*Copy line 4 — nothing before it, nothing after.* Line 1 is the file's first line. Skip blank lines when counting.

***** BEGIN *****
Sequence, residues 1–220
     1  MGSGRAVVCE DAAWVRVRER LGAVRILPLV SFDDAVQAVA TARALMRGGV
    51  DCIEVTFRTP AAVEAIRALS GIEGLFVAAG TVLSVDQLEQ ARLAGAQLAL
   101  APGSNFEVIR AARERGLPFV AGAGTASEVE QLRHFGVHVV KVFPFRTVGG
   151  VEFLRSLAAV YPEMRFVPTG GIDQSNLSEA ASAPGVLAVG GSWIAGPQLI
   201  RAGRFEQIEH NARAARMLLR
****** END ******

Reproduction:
   101  APGSNFEVIR AARERGLPFV AGAGTASEVE QLRHFGVHVV KVFPFRTVGG